Creating Waves of Awareness
Students from around the world participated in an annual Intel International Science and Engineering Fair in Pittsburgh. This year, 2012, out of the 1,500 kids who competed from more than 70 countries, 15 year old Jack Andraka won the $75,000 grand prize.
Andraka, a high school freshman, created a non-invasive and inexpensive method to detect pancreatic cancer, the fourth leading cause of cancer deaths in the United States while doing his investigation in the the Johns Hopkins lab of Dr. Anirban Maitr.
The test uses a dip-stick sensor, based on diabetic test paper, to test blood or urine for signs of early stage pancreatic cancer.
This simple test claims a 90% accuracy rate, making the patent-pending sensor 168 times faster, 26,000 times less expensive and over 400 times more sensitive than previous tests. Andraka believes the sensor can also be extended to detect ovarian and lung cancers.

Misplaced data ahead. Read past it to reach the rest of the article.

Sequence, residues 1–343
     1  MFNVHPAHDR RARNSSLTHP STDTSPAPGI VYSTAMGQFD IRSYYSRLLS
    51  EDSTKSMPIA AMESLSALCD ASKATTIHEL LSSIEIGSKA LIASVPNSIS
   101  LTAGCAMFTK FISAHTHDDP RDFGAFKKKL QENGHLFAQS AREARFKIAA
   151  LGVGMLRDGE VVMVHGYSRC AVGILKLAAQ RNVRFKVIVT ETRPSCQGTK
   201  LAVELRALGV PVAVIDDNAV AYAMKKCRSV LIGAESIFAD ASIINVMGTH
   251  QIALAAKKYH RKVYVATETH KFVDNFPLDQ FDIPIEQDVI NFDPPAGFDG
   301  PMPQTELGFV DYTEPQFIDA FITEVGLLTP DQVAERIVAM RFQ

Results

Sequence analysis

Dear Waqar Sahib,
It is 4 years old success story. Now we are in 2016, what progress about this
devoce is made after 4 years. Was it successful still and its working
is goods. Can we purchase this device in Pakistan ?
Dr. Nafees Iqbal
When will it be available?
Currently I have the international patent on the technology. I’m in talks with several large biotech companies about getting it on the market as soon as possible. Getting a test from bench to bedside takes a long time so we’re still developing it, trying to get it mass-manufactured and more consumer-friendly. We’ve done some research on that part of it, so hopefully we’ll be able to enter clinical trials in the next 2-5 years and have it on the market in the next 5-10 years.